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We’d give them what we could

Heroes Remember

We’d give them what we could

I would say some countries were poorer than the . . . I believe the Dutch people suffered the worst. They absolutely had nothing, and the kids, the young ones, were just skin and bones, and . . . They had taken, the Germans had taken everything, all the food, all the metal. Even the bicycles they kept. They took all the bicycles to make some-, you know, melt them down and make something out of them. The Dutch were really bad, really badly treated. And we gave them all we could. We scrounged everything, chocolate bars, whatever, whatever we find, then gave . . . Kids there never heard of a chocolate bar. We always did our best to give the kiddies in particular some food. Oh, they'd come up there, skinny little characters, just begging for food 'cause they hadn't, didn't have anything, and we'd give what we could. We had to eat to be able to have strength to fight, but we always saved a bit for them, and what we could for adults. It made you feel that in your lifetime you did something for people. But lots of emotion. You know, you couldn't help but look at those people and have a tear. It was terrible. I can’t imagine people being treated that way. They always cried, and they had flowers and, you know, talked to us. It was a big thing after being kind of imprisoned all those years to be free again you know and we freeded them so we were their freedom people they appreciated that.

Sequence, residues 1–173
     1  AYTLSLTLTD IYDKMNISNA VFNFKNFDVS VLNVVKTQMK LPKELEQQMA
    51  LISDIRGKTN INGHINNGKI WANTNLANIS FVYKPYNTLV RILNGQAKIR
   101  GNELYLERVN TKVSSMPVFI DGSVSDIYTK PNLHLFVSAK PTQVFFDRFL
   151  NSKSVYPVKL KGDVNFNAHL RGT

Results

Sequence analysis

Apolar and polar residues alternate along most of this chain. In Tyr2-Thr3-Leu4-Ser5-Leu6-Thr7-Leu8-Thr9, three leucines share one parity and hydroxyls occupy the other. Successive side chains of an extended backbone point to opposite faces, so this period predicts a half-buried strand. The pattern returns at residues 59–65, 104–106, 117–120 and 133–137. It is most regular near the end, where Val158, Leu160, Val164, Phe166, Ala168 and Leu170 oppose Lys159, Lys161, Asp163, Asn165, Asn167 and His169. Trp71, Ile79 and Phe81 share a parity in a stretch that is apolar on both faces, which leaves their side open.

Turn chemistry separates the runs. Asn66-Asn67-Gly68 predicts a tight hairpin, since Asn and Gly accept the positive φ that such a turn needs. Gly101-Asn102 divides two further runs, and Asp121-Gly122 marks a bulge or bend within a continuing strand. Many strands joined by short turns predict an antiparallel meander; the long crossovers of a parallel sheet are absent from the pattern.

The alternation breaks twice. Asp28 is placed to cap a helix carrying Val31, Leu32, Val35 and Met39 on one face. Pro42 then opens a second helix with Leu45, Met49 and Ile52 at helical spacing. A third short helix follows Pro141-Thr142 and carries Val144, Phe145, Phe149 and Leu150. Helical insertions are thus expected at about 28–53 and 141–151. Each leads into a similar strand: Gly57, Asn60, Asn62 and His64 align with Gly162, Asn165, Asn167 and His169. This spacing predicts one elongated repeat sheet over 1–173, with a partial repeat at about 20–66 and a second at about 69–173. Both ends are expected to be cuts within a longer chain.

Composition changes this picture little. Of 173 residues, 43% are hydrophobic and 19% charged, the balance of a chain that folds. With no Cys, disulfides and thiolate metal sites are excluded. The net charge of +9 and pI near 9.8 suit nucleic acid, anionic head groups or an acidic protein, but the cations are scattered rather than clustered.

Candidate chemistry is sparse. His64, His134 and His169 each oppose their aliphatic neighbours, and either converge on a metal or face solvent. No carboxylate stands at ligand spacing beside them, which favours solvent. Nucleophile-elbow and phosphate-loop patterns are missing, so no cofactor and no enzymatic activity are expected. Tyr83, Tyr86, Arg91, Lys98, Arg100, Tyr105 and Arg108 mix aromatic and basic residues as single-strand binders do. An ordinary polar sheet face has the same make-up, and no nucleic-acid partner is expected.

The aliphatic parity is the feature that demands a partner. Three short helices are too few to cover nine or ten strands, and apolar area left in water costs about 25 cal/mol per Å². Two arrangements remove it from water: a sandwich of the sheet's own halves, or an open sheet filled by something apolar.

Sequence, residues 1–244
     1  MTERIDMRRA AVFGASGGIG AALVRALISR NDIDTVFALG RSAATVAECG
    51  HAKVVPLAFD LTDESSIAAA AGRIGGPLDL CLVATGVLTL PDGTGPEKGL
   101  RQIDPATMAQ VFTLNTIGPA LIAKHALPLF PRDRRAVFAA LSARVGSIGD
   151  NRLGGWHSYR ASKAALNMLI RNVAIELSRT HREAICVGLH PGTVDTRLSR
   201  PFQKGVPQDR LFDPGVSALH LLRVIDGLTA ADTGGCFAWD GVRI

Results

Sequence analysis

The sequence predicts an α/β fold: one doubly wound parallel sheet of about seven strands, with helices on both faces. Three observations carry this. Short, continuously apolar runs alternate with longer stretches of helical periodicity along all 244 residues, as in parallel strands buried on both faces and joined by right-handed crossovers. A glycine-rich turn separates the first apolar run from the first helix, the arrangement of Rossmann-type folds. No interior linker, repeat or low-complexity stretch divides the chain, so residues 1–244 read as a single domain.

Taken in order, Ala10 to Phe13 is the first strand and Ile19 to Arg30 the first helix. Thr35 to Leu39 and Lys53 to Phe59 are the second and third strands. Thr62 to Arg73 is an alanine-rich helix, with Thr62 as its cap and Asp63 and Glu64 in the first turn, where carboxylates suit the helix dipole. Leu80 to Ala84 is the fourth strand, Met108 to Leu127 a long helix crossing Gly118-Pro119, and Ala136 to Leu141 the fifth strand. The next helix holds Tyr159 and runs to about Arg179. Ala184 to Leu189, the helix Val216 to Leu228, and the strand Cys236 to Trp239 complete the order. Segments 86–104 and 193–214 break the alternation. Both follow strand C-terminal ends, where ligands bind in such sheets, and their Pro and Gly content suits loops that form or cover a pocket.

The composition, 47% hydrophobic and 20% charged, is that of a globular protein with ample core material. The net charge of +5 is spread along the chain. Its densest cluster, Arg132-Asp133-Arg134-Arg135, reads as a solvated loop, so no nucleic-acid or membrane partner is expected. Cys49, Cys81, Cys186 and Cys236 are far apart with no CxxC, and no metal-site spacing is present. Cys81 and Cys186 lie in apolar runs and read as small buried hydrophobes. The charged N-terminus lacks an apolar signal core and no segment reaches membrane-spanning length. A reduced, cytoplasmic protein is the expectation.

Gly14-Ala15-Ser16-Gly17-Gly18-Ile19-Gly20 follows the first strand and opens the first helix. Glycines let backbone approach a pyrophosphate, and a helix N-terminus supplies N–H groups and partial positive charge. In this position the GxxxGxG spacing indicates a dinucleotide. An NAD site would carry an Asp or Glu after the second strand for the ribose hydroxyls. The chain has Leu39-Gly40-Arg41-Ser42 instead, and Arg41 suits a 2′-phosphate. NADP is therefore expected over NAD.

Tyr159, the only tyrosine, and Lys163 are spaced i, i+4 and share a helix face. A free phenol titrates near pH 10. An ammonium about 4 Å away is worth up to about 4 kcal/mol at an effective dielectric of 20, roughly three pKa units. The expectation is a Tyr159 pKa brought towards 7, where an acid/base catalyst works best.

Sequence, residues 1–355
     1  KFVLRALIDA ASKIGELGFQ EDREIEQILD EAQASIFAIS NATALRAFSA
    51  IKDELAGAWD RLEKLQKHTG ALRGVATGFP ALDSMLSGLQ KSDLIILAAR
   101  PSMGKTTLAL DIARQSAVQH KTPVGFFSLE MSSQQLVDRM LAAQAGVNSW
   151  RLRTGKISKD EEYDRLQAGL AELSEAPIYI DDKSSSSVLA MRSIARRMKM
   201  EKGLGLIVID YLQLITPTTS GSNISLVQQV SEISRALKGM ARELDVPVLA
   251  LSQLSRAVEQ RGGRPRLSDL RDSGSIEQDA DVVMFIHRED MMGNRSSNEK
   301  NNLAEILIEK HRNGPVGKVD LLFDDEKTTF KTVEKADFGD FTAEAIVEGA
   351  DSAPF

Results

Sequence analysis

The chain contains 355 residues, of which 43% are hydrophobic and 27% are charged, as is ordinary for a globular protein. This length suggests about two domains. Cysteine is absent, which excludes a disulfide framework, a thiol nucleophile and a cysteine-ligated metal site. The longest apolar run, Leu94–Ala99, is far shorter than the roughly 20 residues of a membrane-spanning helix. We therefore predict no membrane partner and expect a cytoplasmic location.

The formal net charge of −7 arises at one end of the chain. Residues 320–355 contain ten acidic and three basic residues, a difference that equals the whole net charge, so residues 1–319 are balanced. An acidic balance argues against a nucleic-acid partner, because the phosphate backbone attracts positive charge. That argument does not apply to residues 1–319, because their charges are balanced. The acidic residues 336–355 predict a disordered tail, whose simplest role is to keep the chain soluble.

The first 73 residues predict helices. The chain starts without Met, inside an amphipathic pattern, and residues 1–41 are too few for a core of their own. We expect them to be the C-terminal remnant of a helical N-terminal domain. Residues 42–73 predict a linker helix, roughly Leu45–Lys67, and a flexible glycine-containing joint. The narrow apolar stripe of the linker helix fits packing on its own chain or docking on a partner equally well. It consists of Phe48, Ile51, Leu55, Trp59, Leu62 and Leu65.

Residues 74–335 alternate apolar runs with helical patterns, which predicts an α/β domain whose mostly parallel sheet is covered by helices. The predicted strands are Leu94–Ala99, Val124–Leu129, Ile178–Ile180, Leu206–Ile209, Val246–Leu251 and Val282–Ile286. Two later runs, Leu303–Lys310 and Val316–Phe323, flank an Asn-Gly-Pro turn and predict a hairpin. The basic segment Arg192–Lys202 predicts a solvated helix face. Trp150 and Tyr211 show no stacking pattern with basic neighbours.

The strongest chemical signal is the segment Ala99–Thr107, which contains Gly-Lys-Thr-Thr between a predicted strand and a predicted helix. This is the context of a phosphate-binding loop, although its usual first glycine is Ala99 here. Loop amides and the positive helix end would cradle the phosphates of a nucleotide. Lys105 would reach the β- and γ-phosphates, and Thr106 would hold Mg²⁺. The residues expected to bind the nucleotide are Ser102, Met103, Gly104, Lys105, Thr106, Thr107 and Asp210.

Mr. Hall describes feeding the starving and feelings of gratification.

John Hall

Mr. Hall was born in Whitewood, Saskatchewan, in 1921. He worked on the family's farm until he enlisted in the Royal Regina Rifles. He was shipped overseas on a converted sugar freighter. Once in England, Mr. Hall experienced the Battle of Britain from the perspective of the local citizenry. He spent more land duty in a mail sorting depot until his Regiment joined the D-Day invasion at Juno Beach. He was a radio operator. Mr. Hall took part in numerous actions, most notably Caen, Calais and the Leopold Canal and the Liberation of Holland. After leaving the Army, Mr. Hall worked in the Canadian North with the Department of Natural Resources.

Meta Data
Veterans Affairs Canada
Person Interviewed:
John Hall
War, Conflict or Mission:
Second World War
436 Squadron

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